December 19, 2003
New indictments in Norway pollution case
Tom Sansonetti, Assistant Attorney General for the Justice Department's Environment and Natural Resources Division and Marcos Daniel Jimenez, U.S. Attorney for the Southern District of Florida, yesterday announced the indictment of three senior cruise ship engineers by a federal grand jury in Miami, Florida, for their role in concealing the overboard dumping of waste oil from the SS Norway cruise ship in false log books designed to deceive the United States Coast Guard. The defendants, Chief Engineers Knut Sorboe and Peter Solemdal, Senior First Engineer Aage Lokkebraten are Norwegian nationals who were employed by Norwegian Cruise Line Limited (NCL) at the time of the offenses.
NCL, one of the world's largest cruise lines, previously pled guilty, in a plea agreement announced on July 31, 2002. It paid a $1 million criminal fine and $500,000 in community service in connection with the case. At that time the Justice Department said that until 1998, the SS Norway had a single Oil Water Separator that was referred to by the engineers as "an old piece of junk." Other equipment was used to dump the waste directly overboard. Even after a new and second Oil Water Separator was purchased, ship engineers continued to circumvent the pollution prevention machine until May 2000, when NCL's new owners stopped the practice. Ship officers continued to pollute and maintain false records despite the prominent display in the engine room of newspaper articles about the prosecution of Royal Caribbean Cruise Lines Ltd. for similar violations. NCL financially benefitted by not expending the resources necessary to maintain its pollution prevention equipment, failing to properly offload waste oil in port and not purchasing adequate equipment in the first place, according to papers filed in the 2002 plea agreement.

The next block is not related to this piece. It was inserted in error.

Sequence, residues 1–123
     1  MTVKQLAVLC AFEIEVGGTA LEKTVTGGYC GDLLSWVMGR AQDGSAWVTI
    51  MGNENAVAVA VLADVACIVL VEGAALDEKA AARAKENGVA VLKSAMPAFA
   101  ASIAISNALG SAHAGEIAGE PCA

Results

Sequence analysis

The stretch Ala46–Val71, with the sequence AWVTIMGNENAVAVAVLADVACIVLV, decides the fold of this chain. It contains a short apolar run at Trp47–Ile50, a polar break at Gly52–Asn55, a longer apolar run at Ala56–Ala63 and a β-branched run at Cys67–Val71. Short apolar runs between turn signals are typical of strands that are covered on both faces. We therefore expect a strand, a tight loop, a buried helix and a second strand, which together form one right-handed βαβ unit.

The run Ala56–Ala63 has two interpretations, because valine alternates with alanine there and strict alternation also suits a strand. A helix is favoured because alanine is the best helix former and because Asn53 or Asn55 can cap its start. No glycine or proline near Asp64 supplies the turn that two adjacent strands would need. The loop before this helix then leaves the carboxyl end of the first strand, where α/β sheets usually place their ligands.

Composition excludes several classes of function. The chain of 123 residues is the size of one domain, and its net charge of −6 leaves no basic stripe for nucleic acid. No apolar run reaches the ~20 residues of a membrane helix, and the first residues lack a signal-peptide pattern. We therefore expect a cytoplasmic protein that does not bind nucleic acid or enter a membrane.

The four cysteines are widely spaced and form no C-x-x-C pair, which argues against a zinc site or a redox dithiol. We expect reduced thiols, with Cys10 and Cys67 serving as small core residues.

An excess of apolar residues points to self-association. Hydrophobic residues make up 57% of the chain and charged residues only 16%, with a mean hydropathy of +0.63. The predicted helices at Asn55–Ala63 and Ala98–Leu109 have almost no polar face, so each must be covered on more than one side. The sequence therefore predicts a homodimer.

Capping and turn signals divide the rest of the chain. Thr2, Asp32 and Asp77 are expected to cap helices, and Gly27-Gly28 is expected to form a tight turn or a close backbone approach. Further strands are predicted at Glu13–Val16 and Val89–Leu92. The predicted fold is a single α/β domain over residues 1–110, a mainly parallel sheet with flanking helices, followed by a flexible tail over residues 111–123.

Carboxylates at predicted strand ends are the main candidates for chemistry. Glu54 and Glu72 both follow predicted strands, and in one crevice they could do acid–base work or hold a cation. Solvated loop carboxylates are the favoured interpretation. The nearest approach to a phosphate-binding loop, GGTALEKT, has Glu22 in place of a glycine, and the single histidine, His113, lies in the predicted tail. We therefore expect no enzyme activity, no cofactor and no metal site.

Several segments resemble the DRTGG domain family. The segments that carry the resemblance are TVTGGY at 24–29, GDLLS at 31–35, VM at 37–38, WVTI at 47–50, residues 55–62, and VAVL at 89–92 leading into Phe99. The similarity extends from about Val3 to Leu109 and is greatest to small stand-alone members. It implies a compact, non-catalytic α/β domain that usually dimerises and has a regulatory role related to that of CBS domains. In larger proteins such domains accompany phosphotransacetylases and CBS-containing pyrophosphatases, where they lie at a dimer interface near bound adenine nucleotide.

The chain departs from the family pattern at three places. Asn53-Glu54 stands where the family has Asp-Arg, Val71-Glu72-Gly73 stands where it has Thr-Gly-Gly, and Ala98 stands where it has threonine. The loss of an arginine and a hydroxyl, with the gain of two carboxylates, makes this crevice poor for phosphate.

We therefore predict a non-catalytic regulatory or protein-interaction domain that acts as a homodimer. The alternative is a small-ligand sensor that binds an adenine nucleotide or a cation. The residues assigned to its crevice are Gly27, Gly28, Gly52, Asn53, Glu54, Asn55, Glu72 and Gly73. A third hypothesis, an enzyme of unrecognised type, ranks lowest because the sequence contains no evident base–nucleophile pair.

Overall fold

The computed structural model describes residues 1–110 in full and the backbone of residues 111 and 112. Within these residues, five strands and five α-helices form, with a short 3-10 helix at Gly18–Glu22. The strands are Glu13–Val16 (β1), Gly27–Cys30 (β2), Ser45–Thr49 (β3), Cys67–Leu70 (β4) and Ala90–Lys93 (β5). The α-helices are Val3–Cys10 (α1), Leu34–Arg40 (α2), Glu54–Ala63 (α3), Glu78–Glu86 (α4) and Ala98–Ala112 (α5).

The government's investigation began when a former NCL engineer made allegations to the Criminal Investigation Division of the Environmental Protection Agency. NCL learned of the tip and discovered environmental violations during an internal audit. The cruise line's outside auditor actually witnessed NCL engineers aboard the SS Norway in the act of circumventing the ship's Oil Water Separator, a required pollution prevention device. The engineers deliberately used fresh water to trick a machine's oil sensor designed to detect and limit the overboard discharges. NCL reported the criminal conduct to the government, which was already investigating the whistle-blower's tip, and has cooperated in the government's investigation.
The new charges announced yesterday, "are necessary to show both companies and individuals operating and managing ships that they may not pollute our oceans and lie to our government," said Tom Sansonetti, Assistant Attorney General for the Justice Department's Environment and Natural Resources Division.
"Corporations do not act alone but through the acts of individuals and they must also be held accountable. This prosecution demonstrates the continuing commitment of the United States Attorney's Office to aggressively prosecute environmental crimes," said Marcos Daniel Jimenez, U.S. Attorney for the Southern District of Florida
Prosecutors said that U.S. District Court Judge Joan A. Lenard awarded the whistle-blower $250,000 under a bounty provision established by Congress in the Act to Prevent Pollution from Ships which allows for a reward of up to one-half of the criminal fine for those providing information leading to conviction.
The indictment announced yesterday alleges that the defendants engaged in a conspiracy to use false Oil Record Books in order to conceal overboard discharges from the SS Norway without the use of a properly functioning Oil Water Separator and in order to obstruct Coast Guard inspections. The Oil Record Book is a required pollution record that is regularly inspected and relied upon by the Coast Guard.
The investigation was conducted by the United States Environmental Protection Agency, Criminal Investigation Division; Coast Guard Investigative Service; United States Department of Transportation, Office of Inspector General; Federal Bureau of Investigation; Miami-Dade Police Department Environmental Investigations Unit; and the Florida Department of Environmental Protection Division of Law Enforcement. The case is being prosecuted by the U.S. Attorney's Office for the Southern District of Florida and the Environmental Crimes Section of the U.S. Department of Justice with the assistance of the EPA Regional Criminal Enforcement Counsel.